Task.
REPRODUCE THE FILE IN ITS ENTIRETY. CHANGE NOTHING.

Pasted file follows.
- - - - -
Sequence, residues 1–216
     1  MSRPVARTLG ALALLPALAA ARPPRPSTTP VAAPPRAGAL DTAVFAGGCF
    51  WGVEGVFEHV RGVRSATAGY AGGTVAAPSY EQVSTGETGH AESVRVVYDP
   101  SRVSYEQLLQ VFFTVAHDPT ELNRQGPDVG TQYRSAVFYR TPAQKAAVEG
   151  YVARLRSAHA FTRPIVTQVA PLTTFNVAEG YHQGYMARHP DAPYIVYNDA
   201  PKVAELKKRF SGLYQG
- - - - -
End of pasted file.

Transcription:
Sequence, residues 1–216
     1  MSRPVARTLG ALALLPALAA ARPPRPSTTP VAAPPRAGAL DTAVFAGGCF
    51  WGVEGVFEHV RGVRSATAGY AGGTVAAPSY EQVSTGETGH AESVRVVYDP
   101  SRVSYEQLLQ VFFTVAHDPT ELNRQGPDVG TQYRSAVFYR TPAQKAAVEG
   151  YVARLRSAHA FTRPIVTQVA PLTTFNVAEG YHQGYMARHP DAPYIVYNDA
   201  PKVAELKKRF SGLYQG